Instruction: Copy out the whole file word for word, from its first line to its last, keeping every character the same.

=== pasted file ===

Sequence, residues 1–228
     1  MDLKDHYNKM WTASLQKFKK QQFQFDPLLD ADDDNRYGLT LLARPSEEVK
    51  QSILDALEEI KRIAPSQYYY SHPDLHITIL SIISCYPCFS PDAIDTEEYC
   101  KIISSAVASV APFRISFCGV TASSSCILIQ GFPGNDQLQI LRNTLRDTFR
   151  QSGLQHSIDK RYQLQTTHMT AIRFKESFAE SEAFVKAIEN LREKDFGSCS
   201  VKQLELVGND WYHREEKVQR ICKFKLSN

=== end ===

Sequence, residues 1–228
     1  MDLKDHYNKM WTASLQKFKK QQFQFDPLLD ADDDNRYGLT LLARPSEEVK
    51  QSILDALEEI KRIAPSQYYY SHPDLHITIL SIISCYPCFS PDAIDTEEYC
   101  KIISSAVASV APFRISFCGV TASSSCILIQ GFPGNDQLQI LRNTLRDTFR
   151  QSGLQHSIDK RYQLQTTHMT AIRFKESFAE SEAFVKAIEN LREKDFGSCS
   201  VKQLELVGND WYHREEKVQR ICKFKLSN